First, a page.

Hinterland (video game)

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Hinterland
Hinterland cover.jpg
Developer(s) Tilted Mill Entertainment
Publisher(s) Tilted Mill Entertainment
Distributor(s) Got Game Entertainment (Orc Lords)
Engine Torque
Platform(s) Microsoft Windows
Release date(s) September 30, 2008
March 25, 2009 (Orc Lords)
Genre(s) RPG, City-Builder
Mode(s) Single-player
Distribution Digital distribution, PC-CD

Hinterland is a high fantasy role-playing video game with city-building elements by Tilted Mill Entertainment. It was released on September 30, 2008 on the Steam content delivery system, and has since been made available at other digital distribution websites. Hinterland: Orc Lords, a cumulative expansion, was released to digital distribution and retail in March 2009. As the title suggests, the primary addition to the game was the ability to play as Orc characters.

Overview[edit]

During play, the goal is to establish and grow a village successfully in the wilderness of a fantasy kingdom, clearing out all nearby threats.[1] Set in a world roughly based on the lore of both the Norse and the Celts, the game features characters and creatures of fantasy which inhabit the lands surrounding the village.

The player controls an adventurer acting as the leader of the settlement, required both to defend it from attacks and to provide funding for its expansion. While the player's profession is chosen from among a number that specializes in combat, city management, or resource gathering, other non-player characters with more menial professions also periodically visit the village. These peasants and tradesmen can be persuaded to settle in the village if their requirements are met and a home is constructed for them (at the player's expense). Once resident, they can either perform their designated job function (e.g., growing food or smithing weapons), or be conscripted to join the player on expeditions into the unknown.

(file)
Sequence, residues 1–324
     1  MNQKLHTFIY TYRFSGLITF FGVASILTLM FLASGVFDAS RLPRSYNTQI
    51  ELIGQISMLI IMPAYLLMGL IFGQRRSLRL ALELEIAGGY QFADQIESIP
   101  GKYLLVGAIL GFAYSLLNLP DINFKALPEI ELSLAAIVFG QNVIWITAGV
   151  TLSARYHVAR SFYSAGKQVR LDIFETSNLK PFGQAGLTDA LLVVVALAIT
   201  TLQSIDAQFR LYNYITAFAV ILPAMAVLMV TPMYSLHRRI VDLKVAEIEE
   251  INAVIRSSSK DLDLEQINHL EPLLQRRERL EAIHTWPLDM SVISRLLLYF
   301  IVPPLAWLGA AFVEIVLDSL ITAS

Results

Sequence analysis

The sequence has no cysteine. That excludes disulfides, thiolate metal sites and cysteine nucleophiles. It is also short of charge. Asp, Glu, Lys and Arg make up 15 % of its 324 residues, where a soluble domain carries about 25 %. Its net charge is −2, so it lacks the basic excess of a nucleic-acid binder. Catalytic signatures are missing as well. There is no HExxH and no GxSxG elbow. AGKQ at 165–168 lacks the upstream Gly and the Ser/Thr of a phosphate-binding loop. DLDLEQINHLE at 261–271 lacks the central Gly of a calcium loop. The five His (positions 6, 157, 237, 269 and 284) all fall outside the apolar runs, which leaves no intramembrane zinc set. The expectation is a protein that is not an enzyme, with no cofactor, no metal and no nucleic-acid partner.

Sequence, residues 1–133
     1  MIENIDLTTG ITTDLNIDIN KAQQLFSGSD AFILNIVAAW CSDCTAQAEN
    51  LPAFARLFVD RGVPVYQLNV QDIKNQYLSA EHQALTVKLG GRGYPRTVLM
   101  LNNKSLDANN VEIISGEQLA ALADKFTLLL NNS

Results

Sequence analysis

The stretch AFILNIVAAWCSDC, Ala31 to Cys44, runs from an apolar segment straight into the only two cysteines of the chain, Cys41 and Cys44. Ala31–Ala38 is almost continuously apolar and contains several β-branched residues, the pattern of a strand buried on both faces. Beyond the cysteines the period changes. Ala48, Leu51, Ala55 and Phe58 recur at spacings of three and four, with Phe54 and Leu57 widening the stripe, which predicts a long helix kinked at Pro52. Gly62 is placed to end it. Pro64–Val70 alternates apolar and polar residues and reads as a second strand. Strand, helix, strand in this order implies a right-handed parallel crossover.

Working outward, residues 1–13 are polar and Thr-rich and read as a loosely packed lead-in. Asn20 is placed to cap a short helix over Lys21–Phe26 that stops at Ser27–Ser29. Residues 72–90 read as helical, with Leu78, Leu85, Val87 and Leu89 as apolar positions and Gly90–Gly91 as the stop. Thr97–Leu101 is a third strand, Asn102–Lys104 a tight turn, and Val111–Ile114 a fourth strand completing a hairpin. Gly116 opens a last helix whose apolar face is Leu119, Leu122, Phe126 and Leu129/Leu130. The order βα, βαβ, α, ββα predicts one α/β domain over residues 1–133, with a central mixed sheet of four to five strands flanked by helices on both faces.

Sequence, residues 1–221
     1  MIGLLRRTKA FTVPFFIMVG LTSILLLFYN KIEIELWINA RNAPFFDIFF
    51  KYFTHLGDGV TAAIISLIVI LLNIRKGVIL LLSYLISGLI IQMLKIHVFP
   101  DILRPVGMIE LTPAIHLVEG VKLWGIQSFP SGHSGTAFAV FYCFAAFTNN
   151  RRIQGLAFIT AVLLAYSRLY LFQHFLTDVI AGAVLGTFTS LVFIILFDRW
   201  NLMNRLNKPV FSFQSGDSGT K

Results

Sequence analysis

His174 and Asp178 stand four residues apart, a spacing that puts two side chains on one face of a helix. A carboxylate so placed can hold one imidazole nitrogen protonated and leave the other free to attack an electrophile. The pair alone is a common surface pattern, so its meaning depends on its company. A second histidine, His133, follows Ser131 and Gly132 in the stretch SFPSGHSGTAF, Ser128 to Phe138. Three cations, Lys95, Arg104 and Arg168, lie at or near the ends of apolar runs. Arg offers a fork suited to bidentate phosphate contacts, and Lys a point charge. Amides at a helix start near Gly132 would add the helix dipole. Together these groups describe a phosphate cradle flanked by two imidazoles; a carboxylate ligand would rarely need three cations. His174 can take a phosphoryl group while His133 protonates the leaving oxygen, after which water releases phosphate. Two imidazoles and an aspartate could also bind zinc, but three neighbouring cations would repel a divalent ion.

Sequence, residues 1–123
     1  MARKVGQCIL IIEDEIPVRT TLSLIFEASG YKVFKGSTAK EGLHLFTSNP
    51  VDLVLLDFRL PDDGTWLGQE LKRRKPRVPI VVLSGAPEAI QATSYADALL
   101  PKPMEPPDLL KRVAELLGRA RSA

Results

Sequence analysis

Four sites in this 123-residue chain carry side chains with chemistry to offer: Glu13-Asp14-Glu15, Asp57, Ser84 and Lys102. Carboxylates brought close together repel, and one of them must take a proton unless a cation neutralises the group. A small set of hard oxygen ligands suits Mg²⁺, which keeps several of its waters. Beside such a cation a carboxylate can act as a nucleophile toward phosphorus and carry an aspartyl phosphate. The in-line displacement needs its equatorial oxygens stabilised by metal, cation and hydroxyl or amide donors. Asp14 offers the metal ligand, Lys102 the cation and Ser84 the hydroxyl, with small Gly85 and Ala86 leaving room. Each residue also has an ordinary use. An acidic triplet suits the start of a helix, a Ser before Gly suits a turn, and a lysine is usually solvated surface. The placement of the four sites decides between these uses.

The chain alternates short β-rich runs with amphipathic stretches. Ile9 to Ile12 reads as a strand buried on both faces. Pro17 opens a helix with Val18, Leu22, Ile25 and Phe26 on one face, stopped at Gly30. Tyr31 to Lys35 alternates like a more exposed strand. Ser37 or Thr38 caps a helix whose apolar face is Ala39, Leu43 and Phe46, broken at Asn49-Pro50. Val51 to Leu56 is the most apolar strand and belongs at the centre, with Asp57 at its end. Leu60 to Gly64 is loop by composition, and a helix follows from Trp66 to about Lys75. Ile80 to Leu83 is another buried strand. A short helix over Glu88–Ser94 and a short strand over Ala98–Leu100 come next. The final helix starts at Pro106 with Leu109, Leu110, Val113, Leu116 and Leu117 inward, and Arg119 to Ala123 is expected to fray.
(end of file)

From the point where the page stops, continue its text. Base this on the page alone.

From an adventuring perspective, the player (and up to three followers drafted from the village) must clear out small zones of enemy resistance in order to claim these for the kingdom. Each zone is populated by fewer than a dozen enemies, and is denoted with an icon indicating how difficult the zone is expected to be to conquer. Once a zone is cleared, the player gains access to any resources located within, and may also be rewarded with bonus treasure. The number of zones depends on the game length (size) selected when starting the game.

The primary challenge of the game is keeping the village safe while adventuring to find much needed resources for its expansion. Choices must also be made into how to spend funds, in terms of upgrading existing dwellings or adding new ones.

Development[edit]

Hinterland draws inspiration from a variety of fantasy titles, including Rogue and Roguelikes, as well as numerous building and simulation games.[2] According to the developers, the title attempts to address a missed opportunity within the role-playing genre where the player's actions have consequences for the other inhabitants of the game world. They note, "Hinterland gives depth and context to the RPG experience, by allowing you to do something more meaningful with the spoils from your RPG adventures. Rather than just re-invest in yourself, you build something much bigger than yourself, that 'other character' - your village and its people."[2]

Reception[edit]

Hinterland received an average of 69% out of 7 reviews at Game Rankings,[3] while Metacritic gave it a score of 66 out of 100, based on 8 reviews.[4] GameSpy rated Hinterland 3.5 out of 5 ("Good"), citing positives such as the low price, low time investment, and random map generation while deriding it for low-quality animation, simplistic city-building, and low amount of feedback from various in-game events.[5] The IGN review praised the successful interweaving of the city management and adventuring aspects, while pointing out negatives including a clumsy interface and some minor technical problems. IGN concluded, "For $20 USD, it's a lot of game for your dollar", earning it a score of 7.2 out of 10 (Decent).[6]

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